Making Red Ochre Paint - Eco-construction

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“ECO – Traditional Techniques for Construction and Landscape Sectors”
INFO SHEET
BASIC INFORMATION:
Country:
Name of the technique:
Finland
Making Red Ochre Paint
Description of the technique:
The current recipe of the Red Ochre paint, which is consisting water, rye flour, linseed oil, salt and
red ochre pigment (punamulta), was finalized in the 1920s. As punamulta paint ages, the binder
deteriorates leaving the colour granules loose, but restoration is easy since simply brushing the
surface is all that is required before repainting. The red ochre is nontoxic and since the binder is
starch, the paint is permeable to water.
Historical aspect:
The prehistoric dwellers may have discovered that unlike the dye colour derived from animal and
vegetable sources (which we do not have traces anymore), the colour that comes from iron oxide
deposits in the earth would not fade with the changing environment. For this reason, it is
estimated that men traveled long and far to maintain a steady supply of red pigment. Natural red
chalks, with their rich, warm colour, were popular from about 1500 to 1900. The earliest evidence
of its use dates from the 16th century. The traditional colour remains popular today due to its
effectiveness in preserving wood. In Finland, the Red Ochre is known as punamulta ("red earth")
after the pigment, very finely divided hematite. The red ochre is nontoxic and since the binder is
starch, the paint is permeable to water.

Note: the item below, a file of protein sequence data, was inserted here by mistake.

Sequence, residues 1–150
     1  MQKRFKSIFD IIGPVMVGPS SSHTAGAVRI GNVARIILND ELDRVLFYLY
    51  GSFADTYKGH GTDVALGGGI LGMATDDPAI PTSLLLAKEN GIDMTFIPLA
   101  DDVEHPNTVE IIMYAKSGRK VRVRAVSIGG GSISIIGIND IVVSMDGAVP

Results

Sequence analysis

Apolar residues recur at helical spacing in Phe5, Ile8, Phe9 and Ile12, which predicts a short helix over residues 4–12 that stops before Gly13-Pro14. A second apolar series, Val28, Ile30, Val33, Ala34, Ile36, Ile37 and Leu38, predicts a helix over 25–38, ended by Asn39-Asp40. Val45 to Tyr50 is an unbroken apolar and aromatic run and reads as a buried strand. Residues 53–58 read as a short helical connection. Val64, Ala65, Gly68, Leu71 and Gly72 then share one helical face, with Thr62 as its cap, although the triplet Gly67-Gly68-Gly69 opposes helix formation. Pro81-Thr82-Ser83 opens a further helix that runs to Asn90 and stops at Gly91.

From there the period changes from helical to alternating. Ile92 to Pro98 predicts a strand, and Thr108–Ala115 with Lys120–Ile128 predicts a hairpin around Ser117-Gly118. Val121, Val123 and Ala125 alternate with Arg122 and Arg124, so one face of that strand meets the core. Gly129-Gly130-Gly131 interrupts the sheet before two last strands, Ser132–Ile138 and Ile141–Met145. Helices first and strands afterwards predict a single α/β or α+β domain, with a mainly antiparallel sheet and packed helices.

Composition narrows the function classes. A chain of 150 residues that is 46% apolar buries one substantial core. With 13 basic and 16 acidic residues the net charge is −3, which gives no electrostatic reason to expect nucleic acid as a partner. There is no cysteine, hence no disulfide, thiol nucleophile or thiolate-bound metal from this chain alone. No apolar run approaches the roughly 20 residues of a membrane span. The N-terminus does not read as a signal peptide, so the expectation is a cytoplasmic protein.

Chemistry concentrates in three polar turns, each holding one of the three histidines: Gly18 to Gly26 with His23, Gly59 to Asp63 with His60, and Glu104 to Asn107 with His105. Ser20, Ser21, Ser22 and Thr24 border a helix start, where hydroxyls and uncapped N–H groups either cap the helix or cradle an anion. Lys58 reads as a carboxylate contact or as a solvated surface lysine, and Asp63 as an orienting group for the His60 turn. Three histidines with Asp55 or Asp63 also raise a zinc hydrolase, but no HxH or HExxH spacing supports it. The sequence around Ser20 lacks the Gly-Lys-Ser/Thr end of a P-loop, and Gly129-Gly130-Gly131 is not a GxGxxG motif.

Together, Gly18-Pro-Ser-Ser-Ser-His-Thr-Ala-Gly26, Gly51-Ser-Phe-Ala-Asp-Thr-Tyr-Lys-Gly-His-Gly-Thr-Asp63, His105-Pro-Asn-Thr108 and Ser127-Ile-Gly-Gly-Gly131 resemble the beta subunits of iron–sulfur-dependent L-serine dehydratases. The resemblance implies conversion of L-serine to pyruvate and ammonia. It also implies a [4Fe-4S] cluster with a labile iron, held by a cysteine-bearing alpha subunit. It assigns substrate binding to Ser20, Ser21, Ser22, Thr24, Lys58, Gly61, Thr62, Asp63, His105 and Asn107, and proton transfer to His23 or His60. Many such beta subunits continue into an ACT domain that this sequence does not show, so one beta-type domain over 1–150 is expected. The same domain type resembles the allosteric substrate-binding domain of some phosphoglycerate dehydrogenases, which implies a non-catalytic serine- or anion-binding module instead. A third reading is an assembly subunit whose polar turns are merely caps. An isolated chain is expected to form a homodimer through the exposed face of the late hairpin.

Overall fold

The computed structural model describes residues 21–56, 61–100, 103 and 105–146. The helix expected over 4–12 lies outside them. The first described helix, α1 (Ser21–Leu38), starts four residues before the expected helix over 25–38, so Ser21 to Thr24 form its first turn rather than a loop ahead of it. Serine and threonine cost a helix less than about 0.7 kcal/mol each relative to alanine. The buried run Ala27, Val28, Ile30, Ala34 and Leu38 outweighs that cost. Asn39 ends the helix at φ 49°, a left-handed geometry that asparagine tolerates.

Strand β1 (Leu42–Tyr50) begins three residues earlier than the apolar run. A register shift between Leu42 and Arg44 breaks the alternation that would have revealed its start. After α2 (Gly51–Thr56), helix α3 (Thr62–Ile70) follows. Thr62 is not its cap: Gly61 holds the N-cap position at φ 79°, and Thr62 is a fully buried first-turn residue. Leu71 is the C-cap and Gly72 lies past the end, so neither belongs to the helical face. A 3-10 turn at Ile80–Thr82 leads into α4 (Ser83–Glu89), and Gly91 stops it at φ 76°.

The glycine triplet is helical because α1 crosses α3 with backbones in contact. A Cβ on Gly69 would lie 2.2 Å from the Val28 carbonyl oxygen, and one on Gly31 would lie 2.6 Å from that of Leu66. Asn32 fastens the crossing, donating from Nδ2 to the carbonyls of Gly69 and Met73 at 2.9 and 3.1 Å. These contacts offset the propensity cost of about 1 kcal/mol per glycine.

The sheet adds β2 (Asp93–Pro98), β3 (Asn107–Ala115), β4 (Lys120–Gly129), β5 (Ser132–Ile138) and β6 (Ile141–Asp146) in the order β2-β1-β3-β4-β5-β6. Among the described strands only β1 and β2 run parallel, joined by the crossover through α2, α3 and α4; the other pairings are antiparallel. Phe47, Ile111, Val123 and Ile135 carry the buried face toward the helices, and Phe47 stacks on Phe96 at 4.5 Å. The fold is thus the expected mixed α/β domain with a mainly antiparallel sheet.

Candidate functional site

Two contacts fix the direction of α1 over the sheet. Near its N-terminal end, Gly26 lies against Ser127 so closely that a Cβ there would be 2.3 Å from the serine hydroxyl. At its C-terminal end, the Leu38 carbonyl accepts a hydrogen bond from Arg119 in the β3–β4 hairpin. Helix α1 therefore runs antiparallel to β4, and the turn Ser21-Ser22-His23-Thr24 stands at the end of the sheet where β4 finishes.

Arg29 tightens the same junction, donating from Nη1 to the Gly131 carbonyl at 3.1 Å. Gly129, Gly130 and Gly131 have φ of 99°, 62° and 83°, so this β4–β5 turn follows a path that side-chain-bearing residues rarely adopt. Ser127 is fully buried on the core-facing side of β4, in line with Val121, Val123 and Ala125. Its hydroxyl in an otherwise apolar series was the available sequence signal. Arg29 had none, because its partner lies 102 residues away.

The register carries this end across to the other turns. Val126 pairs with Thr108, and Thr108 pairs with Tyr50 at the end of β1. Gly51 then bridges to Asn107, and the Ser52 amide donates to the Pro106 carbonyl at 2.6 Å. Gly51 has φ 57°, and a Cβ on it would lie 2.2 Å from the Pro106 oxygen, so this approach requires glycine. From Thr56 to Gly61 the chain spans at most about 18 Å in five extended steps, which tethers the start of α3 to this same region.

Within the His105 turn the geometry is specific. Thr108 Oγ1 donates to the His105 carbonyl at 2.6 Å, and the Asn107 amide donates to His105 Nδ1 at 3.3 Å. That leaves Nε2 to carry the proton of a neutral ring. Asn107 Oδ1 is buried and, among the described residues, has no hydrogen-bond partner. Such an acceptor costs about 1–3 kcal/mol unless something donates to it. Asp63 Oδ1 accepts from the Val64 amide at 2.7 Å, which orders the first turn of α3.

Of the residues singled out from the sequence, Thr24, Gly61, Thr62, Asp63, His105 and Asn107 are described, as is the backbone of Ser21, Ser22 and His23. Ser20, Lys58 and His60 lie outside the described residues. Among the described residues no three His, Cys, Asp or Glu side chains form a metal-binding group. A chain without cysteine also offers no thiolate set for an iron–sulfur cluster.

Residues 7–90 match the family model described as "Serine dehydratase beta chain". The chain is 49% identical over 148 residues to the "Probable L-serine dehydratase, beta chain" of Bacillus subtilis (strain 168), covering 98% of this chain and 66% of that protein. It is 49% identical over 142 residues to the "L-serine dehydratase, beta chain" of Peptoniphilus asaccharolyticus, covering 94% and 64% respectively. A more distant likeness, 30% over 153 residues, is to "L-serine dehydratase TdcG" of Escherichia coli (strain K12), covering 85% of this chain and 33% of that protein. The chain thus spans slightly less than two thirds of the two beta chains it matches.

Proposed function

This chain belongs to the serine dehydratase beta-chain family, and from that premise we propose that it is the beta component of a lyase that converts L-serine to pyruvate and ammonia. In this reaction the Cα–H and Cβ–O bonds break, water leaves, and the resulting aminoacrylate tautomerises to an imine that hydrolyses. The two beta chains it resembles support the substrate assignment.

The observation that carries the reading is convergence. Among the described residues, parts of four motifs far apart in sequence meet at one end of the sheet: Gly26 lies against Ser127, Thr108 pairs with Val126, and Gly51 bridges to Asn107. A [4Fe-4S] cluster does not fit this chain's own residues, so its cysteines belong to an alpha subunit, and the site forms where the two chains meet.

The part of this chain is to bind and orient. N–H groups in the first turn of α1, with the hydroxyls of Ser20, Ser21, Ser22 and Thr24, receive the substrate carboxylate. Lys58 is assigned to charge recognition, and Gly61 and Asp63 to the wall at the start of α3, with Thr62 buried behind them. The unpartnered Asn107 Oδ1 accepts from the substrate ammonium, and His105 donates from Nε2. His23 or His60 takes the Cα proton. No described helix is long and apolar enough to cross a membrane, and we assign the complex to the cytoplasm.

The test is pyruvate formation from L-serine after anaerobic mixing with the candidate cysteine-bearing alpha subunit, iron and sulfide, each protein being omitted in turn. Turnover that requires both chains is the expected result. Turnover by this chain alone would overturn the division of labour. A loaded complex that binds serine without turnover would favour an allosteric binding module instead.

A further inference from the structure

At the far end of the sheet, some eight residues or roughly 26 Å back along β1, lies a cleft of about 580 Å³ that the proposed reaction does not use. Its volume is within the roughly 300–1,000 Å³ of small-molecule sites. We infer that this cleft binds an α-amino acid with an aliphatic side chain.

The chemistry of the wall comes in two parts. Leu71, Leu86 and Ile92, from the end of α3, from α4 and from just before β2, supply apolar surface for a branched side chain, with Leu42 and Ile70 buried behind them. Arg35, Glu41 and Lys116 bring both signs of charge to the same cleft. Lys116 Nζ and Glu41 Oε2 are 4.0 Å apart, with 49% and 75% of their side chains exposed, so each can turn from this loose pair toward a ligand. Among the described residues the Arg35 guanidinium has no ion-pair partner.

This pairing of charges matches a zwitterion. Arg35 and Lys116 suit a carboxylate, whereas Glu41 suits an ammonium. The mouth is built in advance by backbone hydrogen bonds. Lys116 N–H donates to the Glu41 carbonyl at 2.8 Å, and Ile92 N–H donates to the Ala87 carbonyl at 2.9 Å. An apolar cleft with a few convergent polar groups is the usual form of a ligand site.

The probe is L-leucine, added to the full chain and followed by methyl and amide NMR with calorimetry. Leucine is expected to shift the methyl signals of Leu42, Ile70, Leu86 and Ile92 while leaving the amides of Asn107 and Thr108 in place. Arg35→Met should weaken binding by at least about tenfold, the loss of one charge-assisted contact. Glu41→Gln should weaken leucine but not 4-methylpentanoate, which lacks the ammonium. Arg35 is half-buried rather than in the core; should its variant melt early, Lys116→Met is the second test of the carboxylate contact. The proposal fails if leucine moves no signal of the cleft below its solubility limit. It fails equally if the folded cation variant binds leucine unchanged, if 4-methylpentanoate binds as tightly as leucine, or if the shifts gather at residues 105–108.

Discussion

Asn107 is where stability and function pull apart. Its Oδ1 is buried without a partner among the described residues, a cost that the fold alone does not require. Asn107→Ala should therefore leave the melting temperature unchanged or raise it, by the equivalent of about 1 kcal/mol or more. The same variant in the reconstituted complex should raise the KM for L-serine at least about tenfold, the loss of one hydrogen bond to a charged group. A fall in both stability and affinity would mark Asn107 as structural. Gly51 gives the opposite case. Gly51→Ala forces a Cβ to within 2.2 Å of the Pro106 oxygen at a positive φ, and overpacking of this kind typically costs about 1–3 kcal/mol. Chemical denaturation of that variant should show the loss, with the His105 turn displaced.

Tools and materials:
120 l hot water, 4-6 kg iron sulphate or copperas (well-equipped color movement), 12 kg rye flour
and 30 l cold water, 3-6 l linseed oil varnish, 25kg sack of red ochre , 1 kg fine sea salt, 200 l old
steel drum or barrel, mixing stick, scales for weighing the components of the paint
Step-by-step instructions:
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make a firebox out of bricks
pour 60 liters of water into a drum
light the fire under the drum
mix iron sulphate with 20 l of cold water
add iron sulphate mixture to the drum
when the water is boiling, add flour and
stir continuously to prevent lumps
continue heating and stirring until the
mixture boils and add the 3 l of linseed oil
keep the mixture simmering and stir
continuously - when the base of the drum
feels slippery the paste is ready
gently stir in the red ochre, little at the
time
reduce the heat before adding the
pigment as the paint is liable to boil over
the paint is ready once it has cooled. It
stays fresh for several days, or a week if
stored in a cool place
Other information about the technique
Once the walls are painted, the paint
lasts for decades, looking even more
beautiful as years go by. Repainting can
be done straight on top of the old paint.
Simply brushing the surface is all that is
required before repainting.
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